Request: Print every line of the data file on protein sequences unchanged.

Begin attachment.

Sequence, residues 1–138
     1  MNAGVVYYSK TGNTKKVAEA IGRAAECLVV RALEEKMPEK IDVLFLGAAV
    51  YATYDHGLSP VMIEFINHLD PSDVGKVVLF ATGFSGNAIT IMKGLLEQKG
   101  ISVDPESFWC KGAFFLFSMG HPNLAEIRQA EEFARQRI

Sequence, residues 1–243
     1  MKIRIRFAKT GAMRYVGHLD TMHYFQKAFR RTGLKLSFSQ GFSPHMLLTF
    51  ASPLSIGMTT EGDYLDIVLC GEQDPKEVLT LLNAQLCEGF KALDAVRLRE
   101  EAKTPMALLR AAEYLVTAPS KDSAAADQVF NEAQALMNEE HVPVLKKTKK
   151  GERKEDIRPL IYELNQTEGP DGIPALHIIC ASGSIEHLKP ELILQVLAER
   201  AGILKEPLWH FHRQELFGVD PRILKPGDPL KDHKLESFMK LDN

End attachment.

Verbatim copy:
Sequence, residues 1–138
     1  MNAGVVYYSK TGNTKKVAEA IGRAAECLVV RALEEKMPEK IDVLFLGAAV
    51  YATYDHGLSP VMIEFINHLD PSDVGKVVLF ATGFSGNAIT IMKGLLEQKG
   101  ISVDPESFWC KGAFFLFSMG HPNLAEIRQA EEFARQRI

Sequence, residues 1–243
     1  MKIRIRFAKT GAMRYVGHLD TMHYFQKAFR RTGLKLSFSQ GFSPHMLLTF
    51  ASPLSIGMTT EGDYLDIVLC GEQDPKEVLT LLNAQLCEGF KALDAVRLRE
   101  EAKTPMALLR AAEYLVTAPS KDSAAADQVF NEAQALMNEE HVPVLKKTKK
   151  GERKEDIRPL IYELNQTEGP DGIPALHIIC ASGSIEHLKP ELILQVLAER
   201  AGILKEPLWH FHRQELFGVD PRILKPGDPL KDHKLESFMK LDN